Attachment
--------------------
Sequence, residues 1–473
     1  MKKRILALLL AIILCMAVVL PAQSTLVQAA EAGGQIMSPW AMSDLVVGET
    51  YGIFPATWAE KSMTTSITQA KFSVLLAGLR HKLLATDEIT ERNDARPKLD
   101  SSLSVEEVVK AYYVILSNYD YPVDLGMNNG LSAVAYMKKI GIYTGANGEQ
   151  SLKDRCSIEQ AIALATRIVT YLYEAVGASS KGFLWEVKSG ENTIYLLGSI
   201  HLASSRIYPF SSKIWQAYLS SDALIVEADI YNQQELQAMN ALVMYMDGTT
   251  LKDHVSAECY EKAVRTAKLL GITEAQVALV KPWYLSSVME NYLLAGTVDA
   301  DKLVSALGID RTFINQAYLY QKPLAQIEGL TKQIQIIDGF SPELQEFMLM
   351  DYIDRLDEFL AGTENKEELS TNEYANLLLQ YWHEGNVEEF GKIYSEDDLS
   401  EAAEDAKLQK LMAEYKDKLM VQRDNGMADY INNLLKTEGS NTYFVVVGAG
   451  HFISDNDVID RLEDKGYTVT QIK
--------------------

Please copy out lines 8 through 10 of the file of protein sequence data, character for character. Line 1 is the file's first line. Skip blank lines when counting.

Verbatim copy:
   301  DKLVSALGID RTFINQAYLY QKPLAQIEGL TKQIQIIDGF SPELQEFMLM
   351  DYIDRLDEFL AGTENKEELS TNEYANLLLQ YWHEGNVEEF GKIYSEDDLS
   401  EAAEDAKLQK LMAEYKDKLM VQRDNGMADY INNLLKTEGS NTYFVVVGAG